Then, a couple days later at my post-op appointment, I found out I would have to do chemotherapy. My cancer was Stage 2B, which meant that it hadn’t spread to lymph nodes or organs, but it had grown outside of the colon wall. To ensure that no cells mutated in my abdomen, they wanted to do chemotherapy as a precautionary measure. For 6 months.
I decided that I needed to quit my job, move home, and focus on getting through this. Leaving my job was hard. I graduated three years ago, and have worked at the same company since I moved back to the west coast. I worked my way up from an essentially out of work freelancer, to receptionist, to staff production coordinator. I love my coworkers; they are my family. And the opportunities were remarkable. I went back a few times during my recovering period to train my replacement. Then I packed my desk into a sad little cardboard box with handles on each side, just like you see in the movies when someone gets fired.Hormone Treatments, Egg Retrieval & Portacath ImplantationBecause I was going to have to endure chemotherapy, I had to preserve my eggs because it can cause infertility or even early menopause…what a treat. Then came the awkward part…did I want to freeze embryos? Apparently it was a higher success rate if they were fertilized eggs. As in, ask my boyfriend if he wanted to freeze a potential baby with me. Luckily, Andy is a loving and amazing person, so the conversation was not uncomfortable. He told me he would be willing to do whatever I wanted. What a gem.
Shortly after, I found out that it wasn’t proven to be beneficial to freeze embryos, as opposed to just the egg. So we left it at that. No embryos. I began hormone treatments, administerinng shots into my arm every other day, for two weeks. It is identical to the prep for in vitro fertilization, if anyone reading this has experienced that before. I’m already an emotional person, so finding out I have cancer and then on top of that, to have to undergo hormone treatments…I’m sure I was a delight to be around during this time.
They were able to retrieve 25 eggs, which apparently is a lot for this type of procedure (probably because of my age). That amount of eggs can potentially yield 1-2 children (if I recall correctly). I had my eggs retrieved on a Thursday, then I got my portacath implanted Friday, the next day. A portacath is a small device just below the surface of my skin to access during chemotherapy, so the chemo drugs don’t burn my veins.
It was a lot of sedation in a 48 hour period, but since I was still recovering from surgery and two other procedures, it was a welcomed feeling. I remember crying when they gave me whatever they gave me to knock me out, because I was so happy to be feeling good again. This would unfortunately not last very long.
Move Out of My Apartment & Say Goodbye to My Life in LAI figured if I was going to be doing chemo, I would need some help during that process. My parents let me move back in with them in Orange County for the duration of the treatment. I found someone to sublet my room in LA, because I hoped to return when this is over.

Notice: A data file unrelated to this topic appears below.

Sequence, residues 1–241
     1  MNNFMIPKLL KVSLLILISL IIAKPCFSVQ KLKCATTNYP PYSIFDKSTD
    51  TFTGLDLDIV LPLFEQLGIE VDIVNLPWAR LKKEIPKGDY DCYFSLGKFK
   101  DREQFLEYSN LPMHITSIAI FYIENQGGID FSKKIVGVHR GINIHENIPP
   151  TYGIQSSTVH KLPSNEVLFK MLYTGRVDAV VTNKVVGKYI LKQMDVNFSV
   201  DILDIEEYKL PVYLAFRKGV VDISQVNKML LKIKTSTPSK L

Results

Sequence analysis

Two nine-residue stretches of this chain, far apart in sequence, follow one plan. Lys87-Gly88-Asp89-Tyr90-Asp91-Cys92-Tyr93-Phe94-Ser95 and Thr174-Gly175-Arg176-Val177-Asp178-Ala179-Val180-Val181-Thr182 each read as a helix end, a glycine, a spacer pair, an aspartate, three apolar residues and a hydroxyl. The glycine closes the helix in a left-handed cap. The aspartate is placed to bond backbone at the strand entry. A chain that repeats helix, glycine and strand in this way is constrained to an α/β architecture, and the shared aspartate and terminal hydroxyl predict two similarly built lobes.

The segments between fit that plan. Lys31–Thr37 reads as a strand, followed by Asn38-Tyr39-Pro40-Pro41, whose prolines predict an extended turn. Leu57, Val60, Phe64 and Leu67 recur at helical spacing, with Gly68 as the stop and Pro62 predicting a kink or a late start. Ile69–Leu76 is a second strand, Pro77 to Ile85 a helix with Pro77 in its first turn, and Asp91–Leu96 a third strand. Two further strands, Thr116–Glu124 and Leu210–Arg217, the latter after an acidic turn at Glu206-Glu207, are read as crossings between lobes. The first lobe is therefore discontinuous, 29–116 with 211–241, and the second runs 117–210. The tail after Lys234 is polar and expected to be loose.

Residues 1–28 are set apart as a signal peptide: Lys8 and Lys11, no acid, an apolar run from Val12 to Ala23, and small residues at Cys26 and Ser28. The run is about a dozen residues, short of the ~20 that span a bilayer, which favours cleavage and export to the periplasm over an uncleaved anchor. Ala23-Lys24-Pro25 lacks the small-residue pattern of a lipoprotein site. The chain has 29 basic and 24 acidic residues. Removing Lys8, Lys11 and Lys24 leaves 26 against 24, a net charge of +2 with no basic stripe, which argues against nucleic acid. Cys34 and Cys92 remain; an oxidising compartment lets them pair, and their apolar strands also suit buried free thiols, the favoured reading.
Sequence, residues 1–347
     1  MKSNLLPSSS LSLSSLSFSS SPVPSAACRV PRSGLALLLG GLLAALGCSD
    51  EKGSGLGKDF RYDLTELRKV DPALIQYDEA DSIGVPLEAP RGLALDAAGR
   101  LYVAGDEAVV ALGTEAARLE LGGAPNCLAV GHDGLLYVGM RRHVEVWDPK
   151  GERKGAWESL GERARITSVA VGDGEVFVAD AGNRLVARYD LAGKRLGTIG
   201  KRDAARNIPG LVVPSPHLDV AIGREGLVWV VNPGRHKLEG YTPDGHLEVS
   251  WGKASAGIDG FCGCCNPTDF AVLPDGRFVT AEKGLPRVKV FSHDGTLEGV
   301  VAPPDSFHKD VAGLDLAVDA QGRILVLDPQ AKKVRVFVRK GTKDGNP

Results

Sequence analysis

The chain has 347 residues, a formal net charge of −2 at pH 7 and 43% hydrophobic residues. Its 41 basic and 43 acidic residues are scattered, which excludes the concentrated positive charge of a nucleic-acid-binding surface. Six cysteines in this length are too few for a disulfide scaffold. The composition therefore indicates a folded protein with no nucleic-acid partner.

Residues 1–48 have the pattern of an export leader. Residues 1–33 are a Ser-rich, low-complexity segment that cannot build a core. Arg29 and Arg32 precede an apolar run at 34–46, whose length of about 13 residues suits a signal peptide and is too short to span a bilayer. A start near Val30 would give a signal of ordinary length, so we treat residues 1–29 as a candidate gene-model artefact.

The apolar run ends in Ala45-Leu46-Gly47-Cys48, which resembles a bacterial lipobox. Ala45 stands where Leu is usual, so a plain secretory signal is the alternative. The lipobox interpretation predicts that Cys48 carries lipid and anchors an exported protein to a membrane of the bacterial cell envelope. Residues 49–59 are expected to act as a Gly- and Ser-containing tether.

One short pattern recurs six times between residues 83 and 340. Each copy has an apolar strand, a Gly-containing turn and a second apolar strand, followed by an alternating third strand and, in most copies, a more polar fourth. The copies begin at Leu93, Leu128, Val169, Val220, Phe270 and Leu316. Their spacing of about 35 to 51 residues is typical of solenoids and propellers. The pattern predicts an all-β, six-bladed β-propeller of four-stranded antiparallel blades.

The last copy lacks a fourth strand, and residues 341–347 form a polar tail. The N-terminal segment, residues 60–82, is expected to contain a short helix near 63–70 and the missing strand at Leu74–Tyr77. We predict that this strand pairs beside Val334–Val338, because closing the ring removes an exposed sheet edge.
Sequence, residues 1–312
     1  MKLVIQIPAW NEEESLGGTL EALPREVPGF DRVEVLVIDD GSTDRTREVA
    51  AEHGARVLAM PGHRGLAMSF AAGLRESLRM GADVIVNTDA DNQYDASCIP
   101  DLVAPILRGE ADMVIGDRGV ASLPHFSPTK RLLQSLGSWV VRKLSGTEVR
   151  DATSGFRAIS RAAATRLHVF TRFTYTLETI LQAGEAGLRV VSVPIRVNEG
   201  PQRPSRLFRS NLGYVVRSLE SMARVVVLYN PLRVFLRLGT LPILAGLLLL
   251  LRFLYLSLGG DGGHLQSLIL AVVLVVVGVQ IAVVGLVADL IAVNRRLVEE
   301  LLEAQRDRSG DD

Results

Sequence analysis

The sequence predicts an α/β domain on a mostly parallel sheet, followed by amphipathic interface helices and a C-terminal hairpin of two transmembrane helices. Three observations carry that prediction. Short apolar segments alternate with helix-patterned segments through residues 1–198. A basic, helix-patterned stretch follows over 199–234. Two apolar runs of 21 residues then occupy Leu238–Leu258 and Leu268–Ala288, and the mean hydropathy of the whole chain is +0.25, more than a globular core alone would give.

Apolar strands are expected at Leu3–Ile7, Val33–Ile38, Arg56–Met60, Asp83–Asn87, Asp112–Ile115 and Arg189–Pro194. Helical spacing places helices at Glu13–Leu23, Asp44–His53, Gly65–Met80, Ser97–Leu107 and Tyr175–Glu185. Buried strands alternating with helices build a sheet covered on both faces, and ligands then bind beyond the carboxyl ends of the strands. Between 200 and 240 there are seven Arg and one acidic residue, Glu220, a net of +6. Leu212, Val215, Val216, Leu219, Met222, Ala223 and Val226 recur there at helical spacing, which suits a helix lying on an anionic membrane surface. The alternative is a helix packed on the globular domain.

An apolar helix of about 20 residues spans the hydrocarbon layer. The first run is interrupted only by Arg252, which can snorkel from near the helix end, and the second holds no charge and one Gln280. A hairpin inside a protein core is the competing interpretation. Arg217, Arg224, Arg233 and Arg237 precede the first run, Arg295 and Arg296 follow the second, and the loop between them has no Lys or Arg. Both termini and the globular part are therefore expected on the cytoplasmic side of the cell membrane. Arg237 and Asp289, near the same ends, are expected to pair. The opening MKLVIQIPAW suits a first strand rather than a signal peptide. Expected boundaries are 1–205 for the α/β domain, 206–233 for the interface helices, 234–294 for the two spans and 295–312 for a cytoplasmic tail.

My friends threw a Halloween pre-party at our place the weekend I moved out (to give you perspective, it was the day after the portacath implantation). They respectfully consulted me beforehand and asked if I thought it was a good idea, and me, wanting to be normal, cool and fun, over-excitedly agreed. Unfortunately, I was still recovering from the two aforementioned procedures, and was very bloated and tired and couldn’t go out to celebrate. I felt very ugly and cried in the bathroom while my friends took shots and snapped pictures in their cute costumes. Maybe I was even a little resentful that they got to act like 20-somethings and I was thrust into adulthood.
Amongst the beer cans and alcohol rings on my coffee table, I packed up and moved out the next day. I was ready to move into my parents’, and ready to start chemo in a week. But then there was a small complication, because I guess I didn’t have enough on my plate already.
OHSS & Hospitalization
I’m 25 years old, so I am younger than your average hormone-treated patient, because like I said, it’s identical prep for in vitro fertilization, which older women typically pursue. So I reacted poorly to the treatment and got what is called Ovarian-Hyper Stimulation Syndrome. Basically my ovaries were too stimulated, and too many eggs were producing. I was so bloated that I joked that I looked like Shrek. My gut was swollen with fluids for days, which exceeded the range that my fertility doctor told me was normal. Eventually, the pain got so bad that I had to be admitted to the hospital. I ended up having to stay there for 3 days as they ran tests and tried to coordinate with my fertility doctor. My parents brought beer and wine for themselves to the hospital room each night to make light of a bad situation. We’ve managed to make some good memories amongst the bad ones. I was discharged from the hospital on a Thursday.
ChemoI started chemo the following Monday.